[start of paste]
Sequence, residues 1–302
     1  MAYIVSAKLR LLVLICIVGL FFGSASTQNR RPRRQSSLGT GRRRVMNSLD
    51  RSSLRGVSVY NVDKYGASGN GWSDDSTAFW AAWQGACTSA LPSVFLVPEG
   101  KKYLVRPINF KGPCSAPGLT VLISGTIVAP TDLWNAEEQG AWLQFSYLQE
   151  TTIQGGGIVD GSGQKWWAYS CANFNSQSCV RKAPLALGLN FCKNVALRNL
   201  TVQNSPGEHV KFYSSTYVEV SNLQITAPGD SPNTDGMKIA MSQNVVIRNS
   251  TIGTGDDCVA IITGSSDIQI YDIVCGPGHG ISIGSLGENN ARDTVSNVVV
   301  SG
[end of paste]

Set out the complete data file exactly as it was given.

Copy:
Sequence, residues 1–302
     1  MAYIVSAKLR LLVLICIVGL FFGSASTQNR RPRRQSSLGT GRRRVMNSLD
    51  RSSLRGVSVY NVDKYGASGN GWSDDSTAFW AAWQGACTSA LPSVFLVPEG
   101  KKYLVRPINF KGPCSAPGLT VLISGTIVAP TDLWNAEEQG AWLQFSYLQE
   151  TTIQGGGIVD GSGQKWWAYS CANFNSQSCV RKAPLALGLN FCKNVALRNL
   201  TVQNSPGEHV KFYSSTYVEV SNLQITAPGD SPNTDGMKIA MSQNVVIRNS
   251  TIGTGDDCVA IITGSSDIQI YDIVCGPGHG ISIGSLGENN ARDTVSNVVV
   301  SG